Success of ‘rush solution without pollution’

From Left: Gerard Hughes (Farmer), Geordie McCall(Farmer), Roy Taylor (NIW Catchment Manager), Dominic McCann (NIW Farm Liaison Officer), Ivor Ferguson (UFU President), Kyle McCall (Farmer), Rhys McCall.
From Left: Gerard Hughes (Farmer), Geordie McCall(Farmer), Roy Taylor (NIW Catchment Manager), Dominic McCann (NIW Farm Liaison Officer), Ivor Ferguson (UFU President), Kyle McCall (Farmer), Rhys McCall.

The first ‘Rush solution without pollution’ weed-wiping trial began in May 2017, working in conjunction with The Water Catchment Partnership and the farming industry as part of an innovative campaign to help reduce levels of MCPA in the Seagahan Reservoir catchment area in Co. Armagh.

As many readers are aware, the herbicide MCPA, commonly used for the control of rush growth in grassland, is currently the main challenge to raw water quality in NI.

It lingers in the water environment and is difficult and very costly for NI Water to remove at treatment stage.

NI Water remove MCPA to provide consumers with safe and wholesome drinking water which is in compliance with EU Drinking Water Standards.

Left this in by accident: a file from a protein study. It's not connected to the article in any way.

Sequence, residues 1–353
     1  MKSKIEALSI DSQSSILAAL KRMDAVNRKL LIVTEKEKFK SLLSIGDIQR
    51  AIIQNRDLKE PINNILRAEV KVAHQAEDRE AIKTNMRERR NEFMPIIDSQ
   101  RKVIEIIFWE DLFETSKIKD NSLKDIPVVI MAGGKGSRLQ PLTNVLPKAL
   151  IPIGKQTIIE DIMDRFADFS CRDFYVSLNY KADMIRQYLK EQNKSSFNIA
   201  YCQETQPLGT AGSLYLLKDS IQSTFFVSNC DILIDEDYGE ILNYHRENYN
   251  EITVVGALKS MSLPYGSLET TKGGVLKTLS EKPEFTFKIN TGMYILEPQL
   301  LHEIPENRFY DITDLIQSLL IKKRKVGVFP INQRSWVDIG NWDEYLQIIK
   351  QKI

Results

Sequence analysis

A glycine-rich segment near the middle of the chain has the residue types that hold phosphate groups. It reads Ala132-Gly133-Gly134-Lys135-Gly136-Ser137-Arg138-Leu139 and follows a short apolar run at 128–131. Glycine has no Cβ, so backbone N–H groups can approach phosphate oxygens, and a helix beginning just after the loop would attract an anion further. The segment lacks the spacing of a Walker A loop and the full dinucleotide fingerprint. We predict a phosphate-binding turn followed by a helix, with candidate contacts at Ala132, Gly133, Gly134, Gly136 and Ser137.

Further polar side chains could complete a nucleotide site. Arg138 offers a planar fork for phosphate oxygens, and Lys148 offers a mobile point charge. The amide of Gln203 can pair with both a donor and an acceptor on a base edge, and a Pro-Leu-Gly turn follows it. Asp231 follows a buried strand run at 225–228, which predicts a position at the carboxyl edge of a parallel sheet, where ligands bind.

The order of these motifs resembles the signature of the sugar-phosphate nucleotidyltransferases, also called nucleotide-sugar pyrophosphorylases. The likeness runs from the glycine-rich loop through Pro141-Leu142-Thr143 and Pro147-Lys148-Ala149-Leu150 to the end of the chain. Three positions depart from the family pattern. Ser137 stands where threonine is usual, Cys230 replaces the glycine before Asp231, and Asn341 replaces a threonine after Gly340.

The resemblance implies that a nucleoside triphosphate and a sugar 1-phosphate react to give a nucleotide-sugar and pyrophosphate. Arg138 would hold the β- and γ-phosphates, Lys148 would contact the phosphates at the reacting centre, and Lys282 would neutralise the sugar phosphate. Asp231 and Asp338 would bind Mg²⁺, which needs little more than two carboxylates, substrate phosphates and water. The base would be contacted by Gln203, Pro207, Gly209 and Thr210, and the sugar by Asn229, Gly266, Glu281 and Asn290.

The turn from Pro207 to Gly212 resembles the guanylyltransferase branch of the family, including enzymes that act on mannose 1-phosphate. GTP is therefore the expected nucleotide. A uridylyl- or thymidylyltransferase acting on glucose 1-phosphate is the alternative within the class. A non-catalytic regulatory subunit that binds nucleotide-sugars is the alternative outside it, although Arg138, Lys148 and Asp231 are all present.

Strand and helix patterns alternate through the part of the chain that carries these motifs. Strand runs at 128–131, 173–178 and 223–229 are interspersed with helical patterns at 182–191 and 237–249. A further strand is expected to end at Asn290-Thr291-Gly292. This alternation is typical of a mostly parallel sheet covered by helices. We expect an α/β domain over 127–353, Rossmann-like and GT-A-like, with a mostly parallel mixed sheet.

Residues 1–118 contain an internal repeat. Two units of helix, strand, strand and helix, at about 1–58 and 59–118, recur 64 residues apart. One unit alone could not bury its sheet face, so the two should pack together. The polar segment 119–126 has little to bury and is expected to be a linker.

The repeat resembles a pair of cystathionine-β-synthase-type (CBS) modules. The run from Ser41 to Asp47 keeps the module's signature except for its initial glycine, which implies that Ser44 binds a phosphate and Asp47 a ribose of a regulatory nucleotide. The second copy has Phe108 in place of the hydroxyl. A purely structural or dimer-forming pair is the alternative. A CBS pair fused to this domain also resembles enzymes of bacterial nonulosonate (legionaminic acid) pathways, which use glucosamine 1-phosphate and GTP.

The free weed-wiping service used the herbicide Glyphosate in a weed-wiper instead of spraying with MCPA.

The overall aim of the project was to show that weed-wiping is an effective method in the management of rush infestations and other grassland weeds, and poses a lower risk to quality water.

By providing the weed-wiping service free over a two year period, NI Water have allowed farmers the chance to gain experience and knowledge of effective rush management by means of a certified contractor using a weed-wiper, whilst protecting the water environment from grassland herbicides.

At the close of the two-year trial, NI Water are happy to announce that the results of the trial in Seagahan have been excellent;

- Across the 400 acres of rush treated in the Seagahan catchment over two years, there has been an estimation of up to 90% rush kill by NI Water’s Farm Liaison Officer, Dominic McCann.

- Farmers in the area have commented on how the reduction in rush infestation is now clearly visible as you drive through the catchment.

Further feedback from trial participants covers how pleased they are with rush kill in their fields, and they encountered no issues during the trial.

- The service prevented farmers spraying MCPA across 630 acres of their land in 2017 and 2018 and prevented around 1000 litres of MCPA from being applied to the catchment area.

- Water sampling of the reservoir throughout 2017 and 2018 has shown a marked decrease in MCPA found in raw water.

NI Water would like to thank the farmers who participated in the trial in Seagahan, as well as The Water Catchment Partnership for their ongoing support.

Without their cooperation and enthusiasm, the trial would not have been so successful.